1955-01-01

Some Effects of Engine-Fuel Variables On Exhaust-Gas Hydrocarbon Content 550280

PROPER maintenance and engine design can do much to reduce exhaust-gas hydrocarbons, the authors say. This conclusion is based on mass spectrometer analyses of engine exhaust from 163 passenger cars, most of them customer-owned, and 8 public-transit coaches, operated at idle, part throttle, and simulated deceleration.
Mixture ratio proved the most important engine-fuel variable affecting hydrocarbon losses at idle; thus the V-8 engine, idling best on a leaner mixture, has lowest hydrocarbon losses.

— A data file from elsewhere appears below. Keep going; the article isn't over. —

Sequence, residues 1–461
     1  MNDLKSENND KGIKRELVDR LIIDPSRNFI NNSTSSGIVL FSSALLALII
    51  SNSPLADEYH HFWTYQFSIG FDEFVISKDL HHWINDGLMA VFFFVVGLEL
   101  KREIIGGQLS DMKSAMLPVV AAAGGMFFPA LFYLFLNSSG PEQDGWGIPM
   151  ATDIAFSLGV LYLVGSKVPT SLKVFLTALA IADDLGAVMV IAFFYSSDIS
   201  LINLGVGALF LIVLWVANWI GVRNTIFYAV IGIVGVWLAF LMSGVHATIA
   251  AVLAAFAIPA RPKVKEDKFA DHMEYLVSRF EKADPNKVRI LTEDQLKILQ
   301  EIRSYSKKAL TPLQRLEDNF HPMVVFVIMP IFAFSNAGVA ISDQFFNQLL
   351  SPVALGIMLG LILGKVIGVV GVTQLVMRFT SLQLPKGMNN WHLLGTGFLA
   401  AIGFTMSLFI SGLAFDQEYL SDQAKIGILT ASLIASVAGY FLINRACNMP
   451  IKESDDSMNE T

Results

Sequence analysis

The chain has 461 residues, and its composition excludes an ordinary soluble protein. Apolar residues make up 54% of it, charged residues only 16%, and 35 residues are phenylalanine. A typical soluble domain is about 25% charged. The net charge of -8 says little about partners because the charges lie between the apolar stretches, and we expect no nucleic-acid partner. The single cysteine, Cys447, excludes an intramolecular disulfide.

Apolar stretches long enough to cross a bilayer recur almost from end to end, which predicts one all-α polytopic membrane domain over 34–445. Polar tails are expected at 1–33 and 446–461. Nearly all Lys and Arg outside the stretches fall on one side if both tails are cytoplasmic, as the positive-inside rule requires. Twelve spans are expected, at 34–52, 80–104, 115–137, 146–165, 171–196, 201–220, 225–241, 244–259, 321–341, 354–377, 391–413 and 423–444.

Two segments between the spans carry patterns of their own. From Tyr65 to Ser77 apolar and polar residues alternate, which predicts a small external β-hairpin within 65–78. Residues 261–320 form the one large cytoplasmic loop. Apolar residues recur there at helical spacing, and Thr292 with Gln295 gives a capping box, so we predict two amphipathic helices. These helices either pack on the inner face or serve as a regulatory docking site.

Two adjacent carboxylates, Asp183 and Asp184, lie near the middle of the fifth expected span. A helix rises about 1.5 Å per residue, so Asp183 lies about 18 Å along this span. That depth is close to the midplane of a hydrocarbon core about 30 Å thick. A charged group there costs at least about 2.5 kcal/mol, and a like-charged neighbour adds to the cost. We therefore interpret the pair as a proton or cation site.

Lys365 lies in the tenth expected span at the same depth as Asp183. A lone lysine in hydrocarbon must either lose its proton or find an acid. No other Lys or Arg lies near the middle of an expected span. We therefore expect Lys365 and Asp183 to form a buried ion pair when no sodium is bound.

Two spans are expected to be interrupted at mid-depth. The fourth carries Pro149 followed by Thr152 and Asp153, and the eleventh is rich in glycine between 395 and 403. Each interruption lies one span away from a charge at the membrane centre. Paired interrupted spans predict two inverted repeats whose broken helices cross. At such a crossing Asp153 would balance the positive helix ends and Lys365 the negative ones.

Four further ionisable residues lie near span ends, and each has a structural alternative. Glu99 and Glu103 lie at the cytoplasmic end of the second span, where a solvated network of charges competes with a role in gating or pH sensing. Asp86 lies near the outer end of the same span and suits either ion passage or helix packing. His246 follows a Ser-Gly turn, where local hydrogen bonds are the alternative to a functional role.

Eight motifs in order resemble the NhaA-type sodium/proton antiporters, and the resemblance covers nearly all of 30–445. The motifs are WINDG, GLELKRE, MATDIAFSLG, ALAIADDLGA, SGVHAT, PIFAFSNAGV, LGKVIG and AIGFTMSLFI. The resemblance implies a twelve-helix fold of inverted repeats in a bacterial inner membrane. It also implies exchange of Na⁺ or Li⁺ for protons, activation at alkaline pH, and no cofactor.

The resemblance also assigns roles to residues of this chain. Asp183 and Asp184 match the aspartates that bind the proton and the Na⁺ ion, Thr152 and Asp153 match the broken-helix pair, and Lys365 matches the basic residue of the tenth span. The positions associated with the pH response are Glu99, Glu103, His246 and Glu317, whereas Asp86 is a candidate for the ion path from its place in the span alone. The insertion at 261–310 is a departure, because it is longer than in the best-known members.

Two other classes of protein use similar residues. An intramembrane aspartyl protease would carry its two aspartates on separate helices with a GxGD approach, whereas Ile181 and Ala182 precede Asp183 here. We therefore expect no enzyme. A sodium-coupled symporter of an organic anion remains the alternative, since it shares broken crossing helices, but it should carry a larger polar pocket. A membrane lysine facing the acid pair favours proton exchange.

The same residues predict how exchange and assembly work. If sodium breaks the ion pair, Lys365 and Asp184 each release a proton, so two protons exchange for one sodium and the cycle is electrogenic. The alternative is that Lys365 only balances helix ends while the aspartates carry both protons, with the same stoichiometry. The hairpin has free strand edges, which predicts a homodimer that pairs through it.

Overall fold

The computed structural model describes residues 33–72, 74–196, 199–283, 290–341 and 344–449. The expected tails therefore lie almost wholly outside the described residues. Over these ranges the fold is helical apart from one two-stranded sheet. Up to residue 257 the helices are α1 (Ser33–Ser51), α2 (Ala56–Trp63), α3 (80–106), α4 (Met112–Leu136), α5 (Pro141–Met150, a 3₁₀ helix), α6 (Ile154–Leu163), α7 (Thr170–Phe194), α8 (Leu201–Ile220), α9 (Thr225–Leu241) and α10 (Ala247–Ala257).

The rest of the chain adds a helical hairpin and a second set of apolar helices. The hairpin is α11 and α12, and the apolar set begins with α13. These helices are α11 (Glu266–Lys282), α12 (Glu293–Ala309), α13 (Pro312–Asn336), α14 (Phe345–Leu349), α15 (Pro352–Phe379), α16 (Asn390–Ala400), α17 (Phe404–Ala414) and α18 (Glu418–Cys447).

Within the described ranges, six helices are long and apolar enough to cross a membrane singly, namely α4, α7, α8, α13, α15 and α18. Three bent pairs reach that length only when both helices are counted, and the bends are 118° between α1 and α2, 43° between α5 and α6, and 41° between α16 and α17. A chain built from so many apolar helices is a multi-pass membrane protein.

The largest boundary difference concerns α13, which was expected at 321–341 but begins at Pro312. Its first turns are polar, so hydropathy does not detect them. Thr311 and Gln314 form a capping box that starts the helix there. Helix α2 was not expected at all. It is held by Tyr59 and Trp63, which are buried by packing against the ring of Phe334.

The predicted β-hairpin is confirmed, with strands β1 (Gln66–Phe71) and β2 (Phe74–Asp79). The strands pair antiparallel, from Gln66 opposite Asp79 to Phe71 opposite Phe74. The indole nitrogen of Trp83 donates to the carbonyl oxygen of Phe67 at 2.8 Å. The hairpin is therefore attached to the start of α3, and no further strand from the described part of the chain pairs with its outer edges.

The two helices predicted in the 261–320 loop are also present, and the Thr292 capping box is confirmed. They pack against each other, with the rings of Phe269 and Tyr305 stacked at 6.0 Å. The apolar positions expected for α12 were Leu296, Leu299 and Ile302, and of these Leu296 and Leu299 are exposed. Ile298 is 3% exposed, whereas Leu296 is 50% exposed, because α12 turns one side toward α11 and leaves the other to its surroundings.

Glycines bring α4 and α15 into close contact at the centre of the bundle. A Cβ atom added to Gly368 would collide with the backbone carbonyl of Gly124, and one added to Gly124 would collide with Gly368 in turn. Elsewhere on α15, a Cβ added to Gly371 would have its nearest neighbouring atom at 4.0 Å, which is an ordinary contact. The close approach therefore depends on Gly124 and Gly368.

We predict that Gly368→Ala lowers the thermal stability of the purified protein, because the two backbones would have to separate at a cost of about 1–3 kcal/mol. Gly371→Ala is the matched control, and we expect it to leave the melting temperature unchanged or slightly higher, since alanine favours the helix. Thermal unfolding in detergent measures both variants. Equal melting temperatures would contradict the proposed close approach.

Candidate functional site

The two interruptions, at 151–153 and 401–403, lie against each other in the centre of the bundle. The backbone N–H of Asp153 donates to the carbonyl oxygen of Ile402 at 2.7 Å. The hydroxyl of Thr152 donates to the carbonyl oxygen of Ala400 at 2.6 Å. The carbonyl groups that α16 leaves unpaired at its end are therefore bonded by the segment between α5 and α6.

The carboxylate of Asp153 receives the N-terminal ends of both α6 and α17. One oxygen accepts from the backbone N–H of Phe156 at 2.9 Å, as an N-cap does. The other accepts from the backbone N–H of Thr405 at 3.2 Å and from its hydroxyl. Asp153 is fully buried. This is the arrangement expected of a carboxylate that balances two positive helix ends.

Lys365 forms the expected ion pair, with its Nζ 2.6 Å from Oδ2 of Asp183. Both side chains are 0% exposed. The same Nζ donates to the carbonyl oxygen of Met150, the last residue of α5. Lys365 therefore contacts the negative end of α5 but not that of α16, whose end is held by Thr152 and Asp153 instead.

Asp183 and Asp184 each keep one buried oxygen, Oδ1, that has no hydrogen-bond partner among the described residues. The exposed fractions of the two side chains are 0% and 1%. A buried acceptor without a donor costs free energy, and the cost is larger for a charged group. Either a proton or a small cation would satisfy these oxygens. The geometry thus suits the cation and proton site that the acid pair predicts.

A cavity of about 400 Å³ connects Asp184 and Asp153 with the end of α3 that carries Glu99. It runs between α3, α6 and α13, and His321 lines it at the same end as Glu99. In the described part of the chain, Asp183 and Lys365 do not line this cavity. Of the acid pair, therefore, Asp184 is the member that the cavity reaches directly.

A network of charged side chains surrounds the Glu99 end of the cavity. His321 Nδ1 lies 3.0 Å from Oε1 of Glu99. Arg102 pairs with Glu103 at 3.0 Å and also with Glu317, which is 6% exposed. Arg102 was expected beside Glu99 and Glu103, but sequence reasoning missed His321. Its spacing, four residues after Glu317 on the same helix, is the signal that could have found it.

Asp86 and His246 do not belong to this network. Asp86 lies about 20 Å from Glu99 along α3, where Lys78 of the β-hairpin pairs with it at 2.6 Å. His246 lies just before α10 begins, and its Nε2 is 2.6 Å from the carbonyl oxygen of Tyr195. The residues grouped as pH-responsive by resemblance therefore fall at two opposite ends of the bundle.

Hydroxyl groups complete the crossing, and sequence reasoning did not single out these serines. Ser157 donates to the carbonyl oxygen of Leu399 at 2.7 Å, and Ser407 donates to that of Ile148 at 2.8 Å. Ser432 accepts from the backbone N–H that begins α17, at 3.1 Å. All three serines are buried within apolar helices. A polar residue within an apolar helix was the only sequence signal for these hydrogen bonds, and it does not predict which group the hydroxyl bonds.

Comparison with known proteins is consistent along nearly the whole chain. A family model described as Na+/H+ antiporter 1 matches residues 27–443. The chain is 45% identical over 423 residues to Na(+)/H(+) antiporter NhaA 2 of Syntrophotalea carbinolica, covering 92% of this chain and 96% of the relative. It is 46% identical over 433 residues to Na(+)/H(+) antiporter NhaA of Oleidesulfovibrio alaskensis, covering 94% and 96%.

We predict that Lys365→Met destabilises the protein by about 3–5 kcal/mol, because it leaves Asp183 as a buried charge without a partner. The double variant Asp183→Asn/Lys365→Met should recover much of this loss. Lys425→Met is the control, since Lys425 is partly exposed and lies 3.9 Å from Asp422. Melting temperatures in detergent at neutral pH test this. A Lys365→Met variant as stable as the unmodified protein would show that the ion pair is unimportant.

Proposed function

Manifold vacuum had the most effect during simulated deceleration. Since this depends on engine speed, automatic transmissions and the new lower rear-axle ratios are helpful.
None of the engine-fuel variables tested had any effect at part throttle. Type of fuel and engine type (gasoline, diesel, or LPC) showed no significant influence on hydrocarbon content throughout the tests.
Discussion of this paper begins on p. 618.

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